volleyball team (Todd Stull is the other one). “When you take over a
team with Coach Pettit's tradition, it takes courage. Over the years, I’ve seen John
continually show courage, but never more than I did two years
ago when he acknowledged his need to reinvent himself and manage stress. His
willingness to share that about himself and to be very open to others is one of
the most courageous things I’ve seen by a coach, or really by anyone, in all my
years as a sports psychiatrist.”
Ron Hruska, a
biomechanical consultant to UNL through Athletic Medicine, is the director of Lincoln’s
Postural Restoration Institute. Cook considers Hruska to be an important part
of his volleyball program, and Hruska sees Cook’s vision as an important part
of his success. “John Cook and Dr. Lonnie Albers empower their staffs
to become the best in the nation in implementing innovative concepts and
integrating consultants and other university department specialists,” Hruska
said. “When needed, they balance student-athletes in the areas of nutrition,
mental health, spinal alignment, podiatry and biomechanics.”
Cook views every one of those areas as traditional staples for
implementation and integration. “To me, that’s part of having a premier program
with multifaceted outcomes that reflect excellence,” Hruska said.
Baylor: Volleyball a Triple Crown Commitment
the radio play-by-play voice of Big Red Volleyball, agrees with
Widman and Hruska. “One thing that distinguishes Nebraska from other programs is
the profound purpose that permeates everything that Nebraska volleyball does,”
Baylor said. “Since the 1970's, we’ve had two leaders at Nebraska make it clear that volleyball
is a commitment to the sport, to the student-athletes and for the fans.
“Nebraska may have an equal or two
out there among its rivals, but I don’t think any other programs have exceeded the
way Nebraska approaches the sport, and I don’t think that will ever change,”
Baylor said. “That’s the constant.”
Pettit and Cook stand by their well proven blueprints for
success. Both continue to tweak their respective philosophies to create "that extra edge". Cook does it as a head coach in a competitive sport, and Pettit does it to sharpen his skills as a popular seminar
leader on motivation and performance.
“I think Nebraska will continue to
be an elite program because of its remarkable commitment to every aspect of the
sport,” Baylor said. “If you’re serious about achievement, Nebraska volleyball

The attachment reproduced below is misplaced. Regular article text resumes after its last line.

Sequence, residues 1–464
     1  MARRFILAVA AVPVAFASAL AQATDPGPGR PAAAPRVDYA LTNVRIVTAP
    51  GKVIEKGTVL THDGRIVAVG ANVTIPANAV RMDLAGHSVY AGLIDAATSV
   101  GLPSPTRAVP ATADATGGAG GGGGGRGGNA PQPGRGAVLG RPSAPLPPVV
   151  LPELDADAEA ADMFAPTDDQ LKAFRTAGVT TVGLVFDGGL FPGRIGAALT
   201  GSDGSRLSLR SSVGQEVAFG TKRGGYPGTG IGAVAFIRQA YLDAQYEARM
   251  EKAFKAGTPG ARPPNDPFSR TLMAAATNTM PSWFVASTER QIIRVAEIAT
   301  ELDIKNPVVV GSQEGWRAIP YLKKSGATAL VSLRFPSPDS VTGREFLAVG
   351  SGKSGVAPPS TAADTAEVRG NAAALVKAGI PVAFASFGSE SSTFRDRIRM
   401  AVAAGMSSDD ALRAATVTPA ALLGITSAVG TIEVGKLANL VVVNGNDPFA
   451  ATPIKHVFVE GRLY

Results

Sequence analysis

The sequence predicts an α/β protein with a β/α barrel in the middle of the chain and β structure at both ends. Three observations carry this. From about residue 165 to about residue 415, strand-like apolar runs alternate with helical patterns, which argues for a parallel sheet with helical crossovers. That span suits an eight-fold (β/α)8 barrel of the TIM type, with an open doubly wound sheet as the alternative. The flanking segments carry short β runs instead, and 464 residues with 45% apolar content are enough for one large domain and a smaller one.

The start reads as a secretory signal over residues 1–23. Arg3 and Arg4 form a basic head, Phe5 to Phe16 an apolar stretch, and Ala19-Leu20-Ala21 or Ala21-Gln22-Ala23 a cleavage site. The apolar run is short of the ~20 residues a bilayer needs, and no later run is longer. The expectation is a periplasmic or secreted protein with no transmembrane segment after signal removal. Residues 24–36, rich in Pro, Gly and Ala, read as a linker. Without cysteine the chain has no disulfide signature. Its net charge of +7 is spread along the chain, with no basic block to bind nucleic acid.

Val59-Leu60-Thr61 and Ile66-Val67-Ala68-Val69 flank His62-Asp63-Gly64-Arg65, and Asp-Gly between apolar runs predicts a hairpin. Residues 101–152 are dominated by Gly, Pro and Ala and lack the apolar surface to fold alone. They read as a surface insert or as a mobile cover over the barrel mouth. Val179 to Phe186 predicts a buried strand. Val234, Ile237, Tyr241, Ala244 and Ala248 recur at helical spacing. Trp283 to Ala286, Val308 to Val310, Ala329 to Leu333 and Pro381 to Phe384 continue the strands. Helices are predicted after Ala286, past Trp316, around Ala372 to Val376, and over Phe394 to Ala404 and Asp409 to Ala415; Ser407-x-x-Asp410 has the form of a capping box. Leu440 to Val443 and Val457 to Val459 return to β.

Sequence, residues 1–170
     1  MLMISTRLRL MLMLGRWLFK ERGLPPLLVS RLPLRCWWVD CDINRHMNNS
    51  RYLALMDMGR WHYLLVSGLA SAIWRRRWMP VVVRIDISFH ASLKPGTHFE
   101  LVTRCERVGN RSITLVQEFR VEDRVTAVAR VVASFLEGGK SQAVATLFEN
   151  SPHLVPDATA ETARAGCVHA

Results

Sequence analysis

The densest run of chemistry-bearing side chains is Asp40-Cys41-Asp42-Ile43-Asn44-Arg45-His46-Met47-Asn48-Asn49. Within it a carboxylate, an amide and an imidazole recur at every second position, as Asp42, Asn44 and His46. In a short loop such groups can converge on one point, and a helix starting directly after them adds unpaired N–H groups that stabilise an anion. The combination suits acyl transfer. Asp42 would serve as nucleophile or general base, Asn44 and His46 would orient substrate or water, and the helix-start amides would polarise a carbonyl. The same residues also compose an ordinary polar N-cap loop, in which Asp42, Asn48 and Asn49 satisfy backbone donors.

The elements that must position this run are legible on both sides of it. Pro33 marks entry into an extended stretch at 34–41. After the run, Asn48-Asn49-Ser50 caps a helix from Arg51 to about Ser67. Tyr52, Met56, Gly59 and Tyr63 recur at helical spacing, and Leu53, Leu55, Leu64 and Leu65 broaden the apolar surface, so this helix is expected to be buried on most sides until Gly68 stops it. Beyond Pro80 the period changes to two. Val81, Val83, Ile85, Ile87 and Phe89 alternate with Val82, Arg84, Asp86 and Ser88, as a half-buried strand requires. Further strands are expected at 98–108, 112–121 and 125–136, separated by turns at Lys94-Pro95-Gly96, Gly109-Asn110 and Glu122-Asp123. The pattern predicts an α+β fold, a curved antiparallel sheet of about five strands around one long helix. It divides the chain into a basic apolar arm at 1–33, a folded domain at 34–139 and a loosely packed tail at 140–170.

has to be a model that you'd consider for emulation. That’s a central
part of the success over all these years."
One NU Volleyball Legend Followed Another
“Another part that really
distinguishes Nebraska is that, unlike other programs, it was able to go from
one legend to another without any drop in performance,” Baylor said. “There was
no Gene Bartow following John Wooden here. Terry Pettit’s success on the court
not only has been maintained, but improved almost on an annual basis since
Coach Pettit got everything rolling in the '70s. That’s just remarkable.
Perhaps the greatest legacy that Coach Pettit gave Nebraska was going to such
great lengths to make sure that his successor would preserve the standard that
he left behind.”
Nebraska may have dropped a rare
home volleyball match Friday night, but the proof of Baylor’s statement was on the floor for
another sellout crowd to see, another group of athletes to cheer and another
example of why There is no place like Nebraska. Even though Husker players and
coaches were disappointed and fans didn’t see what they expected, a
rock-solid program still honored their past to preserve their future. And a good 90
percent of another sellout crowd stayed in their seats and showed the Buckeyes
why tradition is so important at Nebraska.
So please join The N-Sider in
saluting the following Huskers. They watched the match, supported their alma
mater and graciously accepted gifts from a Big Ten icon/AD for their peak
performances over the years inside the Coliseum:
1970’s: Vicki (Ossenkop) Highstreet; Linda (Brown) Dutton (1975);
Nancy (Wilkinson) Nielsen (1977); Kim (Hermes) Cockrell (1978).
1980’s: Lori (Melcher) Hunter (1980); Marla (Mueller) Lichty (1980;
Laurie (Schadegg) Thomas (1981); Terri Kanouse (1981); Gwen Egbert (1982);
Cathy Noth (1984); Martha (Mitchell) Goodman (grad assistant, 1984); Michelle
Smith (1985); Annie (Adamczak)-Glavan (1985); Michelle (Stratbucker) Reiners
(1985); Enid Schonewise (1986); Karen (Dahlgren) Schonewise (1986); Tisha
Delaney (1986); Barb (Young) Gutshall (1987); Kathi (DeBoer) Weiskamp (1987);
DeLisa (DeBolt) Weyhrich (1987); Lori (Endicott) Vandersnick (1988); Jarilyn
(Obermiller) Spiehs (1988).
1990’s: Val (Novak)
Warrior (1990); Becki (Bolli) Leuhr (1990); Cris (Hall) Crippen (1991); Janet
(Kruse) Sellon (1991); Stephanie (Thater) Brown (1992); Eileen (Shannon)
Asmussen (1992); Laura (Luther) Fox (1993); Kim (Tonniges) Seizys (1993); Kelly
Aspergren (1994) Jennifer McFadden (1995); Allison Weston (1995); Stacie
(Maser) Potthoff (1996); Kate (Crnich) Riggins (1996); Renee Saunders (1997);
Lisa (Reitsma) Rautenberg (1997); Denise (Koizol) Alderson (1998); Megan
(Korver) Demma (1998); Jaime (Krondak) Stutheit (1998); Kim (Crandall) Eyman
(1999); Mandy (Monson) Franklin (1999); Tonia Tauke (1999).
2000’s: Kim (Behrends) Buckendahl (2000); Angie (Oxley) Behrends
(2000); Amber (Holmquist) Limbaugh (2002); Rachel (Baumstark) Hopkins (2002);
Lindsay (Wischmeier) Peterson (2002); Anna (Schrad) Zajicek (2003); Michelle
(Lynch) Sjuts (2004); Meghan (Smith) O’Connell (2005); Melissa (Elmer) Groth
(2005); Dani (Mancuso) Helu (2006); Christina Houghtelling (2007); Maggie
Griffin (2007); Tracy Stalls (2007); Rachel Schwartz (2008); Amanda (Gates)
Sjuts (2008); Kayla Banwarth (2010); Brigette Root (2011); Jordan (Wilberger)
Sauer (2011); Brook Delano (2011).